At today’s meeting of the state’s Payment Reform Commission consensus began to emerge about some ACO Framework issues while diverse opinions were voiced on others. Consensus is emerging around ACO core capacities and the arrangements with primary care and specialty physicians; the former should (with only certain exceptions) be a member a single ACO, specialists can be in multiple ACOs. There is consensus that consumers need to be able to seek care outside the ACO (a position the Alliance has supported), with the ACO responsible for these costs – except in circumstances of out of state care or catastrophic need.
Obligations of ACOs to include and be accountable for a broader range of services beyond primary acute inpatient care are still being debated. The Home Care Alliance has submitted and made comments at meetings that in order for ACOs to avoid creating (or recreating) a hospital-centric, ‘siloed’ system of care, the qualifying criteria must include a capacity for coordinating care across primary, acute and post acute services. This capacity could be in an integrated model, or in a more virtual manner, but the later (virtual model) should be required to be constructed with strong performance based contracts or other explicit arrangements for care across the continuum. The position for not mandating a broad continuum of services is espoused by members of the Committee who advocate giving ACOs broad flexibility in terms of scope of services for which they are responsible. A limited scope of responsibility, they argue, might encourage more early interested parties. Secretary Bigby expressed a position that the ACO must be responsible for an assigned patient’s total health, which would argue for having a full continuum of services.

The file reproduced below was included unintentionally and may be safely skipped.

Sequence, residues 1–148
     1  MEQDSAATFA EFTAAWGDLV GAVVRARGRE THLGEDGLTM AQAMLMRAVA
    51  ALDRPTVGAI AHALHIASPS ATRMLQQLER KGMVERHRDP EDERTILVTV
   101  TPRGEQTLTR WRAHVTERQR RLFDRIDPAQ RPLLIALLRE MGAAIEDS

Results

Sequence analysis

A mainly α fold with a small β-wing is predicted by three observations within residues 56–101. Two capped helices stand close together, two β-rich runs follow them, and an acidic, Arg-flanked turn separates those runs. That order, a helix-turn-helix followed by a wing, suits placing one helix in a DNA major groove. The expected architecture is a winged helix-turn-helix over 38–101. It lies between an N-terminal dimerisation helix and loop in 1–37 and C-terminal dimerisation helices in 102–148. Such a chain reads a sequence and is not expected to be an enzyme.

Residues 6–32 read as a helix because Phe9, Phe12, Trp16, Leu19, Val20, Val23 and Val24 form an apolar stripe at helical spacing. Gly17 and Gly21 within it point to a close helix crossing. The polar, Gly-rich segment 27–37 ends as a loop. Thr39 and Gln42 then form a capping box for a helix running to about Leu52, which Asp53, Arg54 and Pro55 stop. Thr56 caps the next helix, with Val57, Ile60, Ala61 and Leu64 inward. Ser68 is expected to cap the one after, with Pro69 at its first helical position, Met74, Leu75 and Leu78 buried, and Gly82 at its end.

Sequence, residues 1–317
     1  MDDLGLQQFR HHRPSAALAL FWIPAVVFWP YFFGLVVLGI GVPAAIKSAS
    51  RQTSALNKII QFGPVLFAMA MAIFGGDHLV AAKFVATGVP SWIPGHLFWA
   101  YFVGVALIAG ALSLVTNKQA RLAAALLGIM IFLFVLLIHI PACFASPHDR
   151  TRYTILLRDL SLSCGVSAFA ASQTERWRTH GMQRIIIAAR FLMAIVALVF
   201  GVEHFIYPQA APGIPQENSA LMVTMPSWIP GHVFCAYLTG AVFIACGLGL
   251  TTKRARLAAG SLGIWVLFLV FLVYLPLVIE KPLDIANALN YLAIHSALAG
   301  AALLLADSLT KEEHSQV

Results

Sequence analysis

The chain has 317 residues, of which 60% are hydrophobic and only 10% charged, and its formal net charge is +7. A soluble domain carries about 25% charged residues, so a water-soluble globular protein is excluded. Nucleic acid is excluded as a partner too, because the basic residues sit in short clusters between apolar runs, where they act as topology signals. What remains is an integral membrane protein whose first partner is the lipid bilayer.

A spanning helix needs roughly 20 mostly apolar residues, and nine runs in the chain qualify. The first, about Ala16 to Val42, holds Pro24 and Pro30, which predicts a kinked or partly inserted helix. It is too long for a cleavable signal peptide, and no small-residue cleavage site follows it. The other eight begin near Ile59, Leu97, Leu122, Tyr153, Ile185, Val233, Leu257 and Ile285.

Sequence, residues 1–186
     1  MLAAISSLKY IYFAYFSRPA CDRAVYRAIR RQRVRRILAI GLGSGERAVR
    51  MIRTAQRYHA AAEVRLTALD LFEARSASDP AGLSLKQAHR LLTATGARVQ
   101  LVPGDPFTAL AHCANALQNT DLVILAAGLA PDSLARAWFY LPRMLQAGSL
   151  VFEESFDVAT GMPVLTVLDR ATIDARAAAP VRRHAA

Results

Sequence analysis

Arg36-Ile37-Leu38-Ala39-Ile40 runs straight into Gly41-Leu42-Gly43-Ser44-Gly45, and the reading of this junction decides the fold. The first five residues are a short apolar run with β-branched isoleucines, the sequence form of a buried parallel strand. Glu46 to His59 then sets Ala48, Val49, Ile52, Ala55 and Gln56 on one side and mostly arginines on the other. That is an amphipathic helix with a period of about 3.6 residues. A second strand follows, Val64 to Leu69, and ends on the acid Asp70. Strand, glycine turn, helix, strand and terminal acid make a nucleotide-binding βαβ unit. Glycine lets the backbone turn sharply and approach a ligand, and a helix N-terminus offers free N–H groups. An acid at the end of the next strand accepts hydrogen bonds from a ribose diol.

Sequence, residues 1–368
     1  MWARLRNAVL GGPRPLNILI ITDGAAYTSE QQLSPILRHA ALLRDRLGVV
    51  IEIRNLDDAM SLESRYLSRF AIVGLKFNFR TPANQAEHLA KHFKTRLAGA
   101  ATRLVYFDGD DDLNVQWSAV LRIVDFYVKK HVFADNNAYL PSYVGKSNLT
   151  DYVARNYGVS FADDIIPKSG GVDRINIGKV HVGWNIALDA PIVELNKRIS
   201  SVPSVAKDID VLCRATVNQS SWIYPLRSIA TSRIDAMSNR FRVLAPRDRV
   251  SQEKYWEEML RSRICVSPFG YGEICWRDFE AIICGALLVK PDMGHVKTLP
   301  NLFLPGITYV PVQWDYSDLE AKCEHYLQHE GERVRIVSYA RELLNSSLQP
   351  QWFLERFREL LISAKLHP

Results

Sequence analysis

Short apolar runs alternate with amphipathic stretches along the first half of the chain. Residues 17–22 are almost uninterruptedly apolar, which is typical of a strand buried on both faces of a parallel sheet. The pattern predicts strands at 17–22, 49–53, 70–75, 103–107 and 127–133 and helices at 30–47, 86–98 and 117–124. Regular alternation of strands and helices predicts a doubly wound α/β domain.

The meeting ended with some discussion of ACOs having an unintended consequence of changing the market in ways that certain essential community services (ER’s, public health programs) are lost. This was acknowledged but with little resolution.